Them’s just words, baby

In one way, shape or form, every writer has a love affair with words. Something magical happens when the “perfect” sentence comes together. When you get it right. As readers, you’ll experience this moment every time a line or a passage makes you pause as you smile, shudder or quiver…as the case may be. I guarantee the writer felt the same emotion as it was written.

It seems so simple, this combining of words to create meaning, invoke emotion or set a scene. It’s not, but that’s not what this post is about.

In every manuscript I write, I find that one word. The bane of my existence (at least while I’m writing that particular manuscript), the dreaded repeat, that one damn word that I use over and over and over and over and over and over and…

It changes with each manuscript. As if I’ve worn the word out, exorcised it from my consciousness. One can only hope. It’s usually an insignificant word like “as” or “like” or “just.” Words like those become VERY significant when used ad nauseam. As a writer, it’s my job to pay attention (during first edits, of course) to these things and try to keep the balance between necessary and damn annoying.

At RomCon a few weeks ago, several other authors, such as Lauren Dane and Sylvia Day, admitted to the same affliction. So, I’m in good company.

The road to finished manuscript is a long, winding, bumpy, word-repeating road. But the destination…ahhhh…it’s pure bliss.

Writers, what are your words?

Readers, do you notice when words are repeated (and repeated) in a book?

Since I’m currently on a writing retreat and need to spend some “quality” time alone with Caleb, I will sign off with this: Mark Twain once wrote “…the difference between the right word and the almost right word is really a large matter – ’tis the difference between the lightning-bug and the lightning.”

Damn straight, Mr. Twain.

Until next time…

13 thoughts on “Them’s just words, baby

  1. I love when authors really take the time and use words to set a scene and pace it, just right, for maximum impact. I appreciate a slow build to set a seduction scene or a rapid pace of a chase scene. It’s delicate balance and the wrong word(s), or overusing a “favorite” word may take so much away from the story. I notice, and really dislike, when word are repeated in a book (ahem…”gray eyes” = ugh x 1000).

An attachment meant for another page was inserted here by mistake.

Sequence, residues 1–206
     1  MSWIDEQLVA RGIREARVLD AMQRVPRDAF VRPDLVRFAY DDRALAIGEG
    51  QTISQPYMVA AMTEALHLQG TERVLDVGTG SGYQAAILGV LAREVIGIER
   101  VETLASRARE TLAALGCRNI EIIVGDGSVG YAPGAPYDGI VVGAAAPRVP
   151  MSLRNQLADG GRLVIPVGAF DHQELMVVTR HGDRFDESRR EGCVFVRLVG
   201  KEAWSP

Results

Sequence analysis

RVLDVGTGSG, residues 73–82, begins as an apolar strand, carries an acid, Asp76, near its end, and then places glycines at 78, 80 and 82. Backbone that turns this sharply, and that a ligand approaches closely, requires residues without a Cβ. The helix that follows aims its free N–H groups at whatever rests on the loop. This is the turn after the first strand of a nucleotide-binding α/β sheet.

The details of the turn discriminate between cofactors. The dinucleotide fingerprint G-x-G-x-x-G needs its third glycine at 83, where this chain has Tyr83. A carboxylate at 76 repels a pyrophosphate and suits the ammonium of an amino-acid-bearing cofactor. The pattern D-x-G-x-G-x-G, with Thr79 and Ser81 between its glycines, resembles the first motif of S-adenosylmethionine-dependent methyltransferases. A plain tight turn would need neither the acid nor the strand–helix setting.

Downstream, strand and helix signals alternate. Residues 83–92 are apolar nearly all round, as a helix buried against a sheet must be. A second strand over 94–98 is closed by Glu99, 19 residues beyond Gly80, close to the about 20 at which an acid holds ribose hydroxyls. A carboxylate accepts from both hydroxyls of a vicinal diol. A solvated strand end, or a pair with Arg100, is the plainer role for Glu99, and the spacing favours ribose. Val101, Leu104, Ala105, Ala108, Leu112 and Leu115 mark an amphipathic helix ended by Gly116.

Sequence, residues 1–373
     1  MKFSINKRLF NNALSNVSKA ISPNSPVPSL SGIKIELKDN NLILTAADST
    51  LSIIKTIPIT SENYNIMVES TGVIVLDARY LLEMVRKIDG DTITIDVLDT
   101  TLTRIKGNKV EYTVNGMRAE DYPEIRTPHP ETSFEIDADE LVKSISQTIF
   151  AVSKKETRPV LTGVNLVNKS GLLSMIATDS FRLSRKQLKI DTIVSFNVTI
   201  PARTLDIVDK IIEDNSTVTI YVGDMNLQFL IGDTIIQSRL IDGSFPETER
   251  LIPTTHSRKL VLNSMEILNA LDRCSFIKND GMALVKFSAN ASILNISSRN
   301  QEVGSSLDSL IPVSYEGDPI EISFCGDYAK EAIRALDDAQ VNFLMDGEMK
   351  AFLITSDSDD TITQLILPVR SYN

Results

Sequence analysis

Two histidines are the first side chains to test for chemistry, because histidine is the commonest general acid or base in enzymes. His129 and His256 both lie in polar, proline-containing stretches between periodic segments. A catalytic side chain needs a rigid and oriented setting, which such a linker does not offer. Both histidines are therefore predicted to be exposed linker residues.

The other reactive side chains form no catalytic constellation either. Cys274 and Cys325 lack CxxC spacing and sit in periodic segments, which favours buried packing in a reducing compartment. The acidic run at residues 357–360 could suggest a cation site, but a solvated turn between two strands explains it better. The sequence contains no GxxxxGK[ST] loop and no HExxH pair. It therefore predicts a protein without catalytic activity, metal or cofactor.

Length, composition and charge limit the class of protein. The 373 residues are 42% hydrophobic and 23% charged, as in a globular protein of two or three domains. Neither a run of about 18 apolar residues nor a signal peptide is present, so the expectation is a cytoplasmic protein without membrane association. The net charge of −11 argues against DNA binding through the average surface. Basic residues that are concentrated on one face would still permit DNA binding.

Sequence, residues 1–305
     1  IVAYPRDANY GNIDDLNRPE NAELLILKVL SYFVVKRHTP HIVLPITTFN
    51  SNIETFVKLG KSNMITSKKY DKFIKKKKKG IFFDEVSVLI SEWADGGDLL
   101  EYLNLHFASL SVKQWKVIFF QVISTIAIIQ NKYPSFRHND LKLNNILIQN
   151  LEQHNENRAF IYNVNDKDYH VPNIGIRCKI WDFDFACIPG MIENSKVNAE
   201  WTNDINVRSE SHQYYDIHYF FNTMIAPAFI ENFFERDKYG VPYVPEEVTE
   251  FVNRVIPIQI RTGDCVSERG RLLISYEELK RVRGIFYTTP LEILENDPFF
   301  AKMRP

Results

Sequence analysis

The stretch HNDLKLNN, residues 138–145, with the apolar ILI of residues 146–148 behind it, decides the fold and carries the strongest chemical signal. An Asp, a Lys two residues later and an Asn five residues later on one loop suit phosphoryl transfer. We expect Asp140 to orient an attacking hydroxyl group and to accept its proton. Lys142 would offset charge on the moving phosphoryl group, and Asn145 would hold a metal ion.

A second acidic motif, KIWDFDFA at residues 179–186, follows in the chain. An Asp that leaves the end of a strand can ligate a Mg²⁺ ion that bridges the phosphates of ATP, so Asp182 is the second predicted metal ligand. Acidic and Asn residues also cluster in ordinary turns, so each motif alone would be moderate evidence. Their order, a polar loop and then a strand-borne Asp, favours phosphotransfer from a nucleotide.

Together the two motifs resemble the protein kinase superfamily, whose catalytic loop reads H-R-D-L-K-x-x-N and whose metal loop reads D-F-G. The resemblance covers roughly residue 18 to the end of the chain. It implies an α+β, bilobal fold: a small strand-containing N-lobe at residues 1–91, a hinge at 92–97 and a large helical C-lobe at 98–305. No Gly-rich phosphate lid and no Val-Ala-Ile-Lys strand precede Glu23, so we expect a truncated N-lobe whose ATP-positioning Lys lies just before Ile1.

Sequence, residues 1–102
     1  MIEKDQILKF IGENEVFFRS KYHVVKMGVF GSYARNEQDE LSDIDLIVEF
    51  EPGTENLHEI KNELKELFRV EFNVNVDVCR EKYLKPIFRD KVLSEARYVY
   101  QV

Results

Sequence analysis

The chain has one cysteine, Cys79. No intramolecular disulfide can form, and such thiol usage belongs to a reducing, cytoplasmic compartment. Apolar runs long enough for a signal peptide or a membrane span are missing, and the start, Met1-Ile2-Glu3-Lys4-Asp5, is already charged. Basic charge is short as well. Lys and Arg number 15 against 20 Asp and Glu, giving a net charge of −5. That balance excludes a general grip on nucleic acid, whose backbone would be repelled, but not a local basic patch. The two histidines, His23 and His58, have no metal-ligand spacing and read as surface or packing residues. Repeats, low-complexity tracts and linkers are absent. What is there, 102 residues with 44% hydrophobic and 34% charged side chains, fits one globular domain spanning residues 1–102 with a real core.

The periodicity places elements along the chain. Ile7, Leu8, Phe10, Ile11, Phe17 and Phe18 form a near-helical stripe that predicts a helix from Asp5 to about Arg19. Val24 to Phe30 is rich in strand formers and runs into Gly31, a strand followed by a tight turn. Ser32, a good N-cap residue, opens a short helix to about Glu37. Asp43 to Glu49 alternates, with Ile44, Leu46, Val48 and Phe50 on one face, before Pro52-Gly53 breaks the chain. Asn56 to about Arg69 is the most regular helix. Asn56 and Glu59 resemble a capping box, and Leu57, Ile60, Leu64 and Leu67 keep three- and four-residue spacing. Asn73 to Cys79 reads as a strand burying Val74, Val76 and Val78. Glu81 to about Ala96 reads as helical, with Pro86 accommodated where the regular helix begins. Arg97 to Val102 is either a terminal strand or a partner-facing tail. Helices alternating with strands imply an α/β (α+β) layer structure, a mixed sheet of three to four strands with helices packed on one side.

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    • Thank you so much for your response, Michelle! I find my “word” creeps in without my noticing until it comes to rereading and editing. Then I think “WTF?” Where did THAT word come from and why am I using it every twelve words? LOL! Anyway, love your insight and thank you for sharing!

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  2. Ugh, Parker, my word is “that.” Seemingly innocuous, but apparently evident to every editor with whom I’ve ever worked! In my first book, the editor counted 653 usages of “that” before we cut them out.
    I just don’t get…that. 😉

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    • Ah yes, the most overused word in the English language. I’ve had “that” problem too, Rosanna! It’s doubly annoying when an editor insists you USE the word when you know it’s not necessary! 🙂

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  3. Last time my word of the manuscript was “perhaps”. The time before it was “appears”. (Hmmm, I’m noticing a very indecisive trend.) It changes every time for me. I have a list of “search and destroy” words that I run on every story. The list keeps getting longer.

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    • LOL, Allyson! It’s nice to know we all overuse the same words! I’m currently battling ‘just’. Ugh – I’m starting to JUST hate that word. LOL!

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  4. Like you, Parker, I have a new word each manuscript and I always, always, read over it.

    Terri S, my former editor, would highlight the over-used word and then give me a count of how many times I used it.

    Can you say “mortified?” Um , actually I found myself overusing “mortified” in a book. Really? Mortified? Yep, color me, um, abased, chagrined, chastened, disgraced, well, you get the picture.

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  5. Sounds like you are very inspired while at your “Retreat”. I love the way you express yourself. Have a productive week.

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